The Gourmet Q + A:
Marcus Samuelsson

continued (page 2 of 3)
food from Merkato 55

From left: Samuelsson’s traditional take on Ethiopian doro wat; a kidogo sampler; succulent shrimp piri piri.

Q. Why is that? It’s the cradle of civilization, right?

A. I think it has to do with the fact that we learn about food by going as tourists, by buying something from a given country; there have to be several steps before people start cooking it at their houses. Even Japanese food, we didn’t learn about Japanese food until we started buying their cars, trading with them on several levels, touring in their countries. So it’s not necessarily racism per se.

Q. I have to disagree with you, though. I think there is real racism in cooking, and the place you see it most is in the difference between the ways Americans look at Japanese food and Chinese food. It’s not so much racism as classism. Japanese is high-end expensive; Chinese is supposed to be cheap. I think you are going to see that in 10 years, the American perception of Chinese food will change dramatically because suddenly China is a wealthy country.

A. You’re probably right. There is a lot of African food in America already, but it’s always immigrant to immigrant. You can go to Sengalese restaurants [in New York] that are fabulous, but they’re not necessarily where you and I are going to entertain. You need [a restaurant] to hit it out of the park and make it okay for the non-foodie. That’s what Nobu really did for Japanese food and Tabla did for Indian food.

Q. They took two cuisines that people were very comfortable with, and they made them their own. They took it and said, “You know sushi, but I’m going to give you sushi like you’ve never seen before.” You have a much bigger burden here, because you have to introduce the cuisine to people.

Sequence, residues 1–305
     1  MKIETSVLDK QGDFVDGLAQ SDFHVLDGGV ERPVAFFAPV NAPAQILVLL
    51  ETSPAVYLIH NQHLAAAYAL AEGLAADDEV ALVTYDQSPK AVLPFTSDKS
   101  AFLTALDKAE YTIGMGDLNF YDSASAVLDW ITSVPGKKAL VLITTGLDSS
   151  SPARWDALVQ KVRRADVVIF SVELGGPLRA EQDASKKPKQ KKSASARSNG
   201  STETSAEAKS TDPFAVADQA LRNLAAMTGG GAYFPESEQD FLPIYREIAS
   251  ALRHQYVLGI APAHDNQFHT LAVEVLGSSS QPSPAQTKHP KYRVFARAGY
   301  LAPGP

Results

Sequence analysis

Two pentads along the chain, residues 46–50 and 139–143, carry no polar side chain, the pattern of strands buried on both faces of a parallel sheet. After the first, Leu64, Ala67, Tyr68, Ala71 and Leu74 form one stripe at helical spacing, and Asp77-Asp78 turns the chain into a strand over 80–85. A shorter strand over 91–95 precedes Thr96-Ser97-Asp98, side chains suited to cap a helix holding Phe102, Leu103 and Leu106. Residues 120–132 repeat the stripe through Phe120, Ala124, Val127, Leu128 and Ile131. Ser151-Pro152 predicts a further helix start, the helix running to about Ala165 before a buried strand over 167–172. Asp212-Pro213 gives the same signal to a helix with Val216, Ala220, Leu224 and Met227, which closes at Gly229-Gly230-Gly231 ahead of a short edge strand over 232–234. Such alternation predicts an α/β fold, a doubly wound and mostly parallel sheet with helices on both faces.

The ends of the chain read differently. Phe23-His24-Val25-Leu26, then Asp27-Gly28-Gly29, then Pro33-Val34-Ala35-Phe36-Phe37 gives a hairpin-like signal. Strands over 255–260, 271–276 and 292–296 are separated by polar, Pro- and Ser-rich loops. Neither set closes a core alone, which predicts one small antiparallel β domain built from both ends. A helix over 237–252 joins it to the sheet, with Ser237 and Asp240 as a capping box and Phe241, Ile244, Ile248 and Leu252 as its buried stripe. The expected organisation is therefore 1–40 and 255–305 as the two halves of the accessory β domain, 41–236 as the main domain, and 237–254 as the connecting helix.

A. But it’s yummy.

Q. It is yummy. Of all the things you’re going to serve here, what do you think are the things Americans are going to be the most excited about?

A. Well, you have some of them right in front of you. You’ve got to try the peanut soup.

Q. This is peanut soup? It doesn’t look like any peanut soup I’ve ever seen before.

A. No, no. But a friend of mine’s mother cooked me peanut soup from Ghana, and I thought, well, we can’t serve just heavy food—so how about making it with the most elegant, almost simplistic, clear chicken broth, and have some peanuts in there? So sometimes I’m not cooking traditional at all.

Q. This sure isn’t. Because every ground-nut soup I’ve ever had was heavy.

A. Sometimes I don’t give a damn about the tradition. You don’t have to know a ground-nut soup from Ghana to like that chicken soup.

Q. How did you find people who could cook this food?

A. We didn’t. [Executive chef] Andrea [Luz Bergquist] and I worked together for six months, and I took guys that I worked with for a long time. One of the guys, Paul, he’s from the Caribbean, so he grew up with a little bit of this food. Andrea’s from Colombia, but she worked at Tabla. This is a challenge. You know at Aquavit, I have eight Swedish guys and three Americans, and everything is fine. This is a little bit different.

Q. Because there is no restaurant tradition in Africa, right?

A. Not on this level. It’s not a Moroccan guy doing South African food; it’s not a Nigerian restaurant doing Egyptian food. It’s very much the Nigerian guy doing the Nigerian local thing. This is the challenge. We have a great kitchen now, but I can’t say that it’s easy.

Q. Do you have any African cooks in your kitchen?

A. Some, but I don’t think it would have helped [to have more] because there’s no reference point for this food. You have to be a good cook, and you have to build a sense of food memory. So I tell them, “Okay, close your eyes.” And we season it and we taste it, and I said, “Do you remember now? It’s not spicy. It’s flavorful. Do you understand the difference?” So it’s hard. But you know, we’ve had it before. I’ve had Americans learn how to do pickled herring.

And at first the staff was learning about Aquavit and my sensibility: We take something very traditional and go as far away from that tradition as possible, and then come back to something fabulous. Here, this doro is very traditional—it’s the Ethiopian chicken dish that you have to have. To do that and do [the peanut soup], it’s a completely different mindset.

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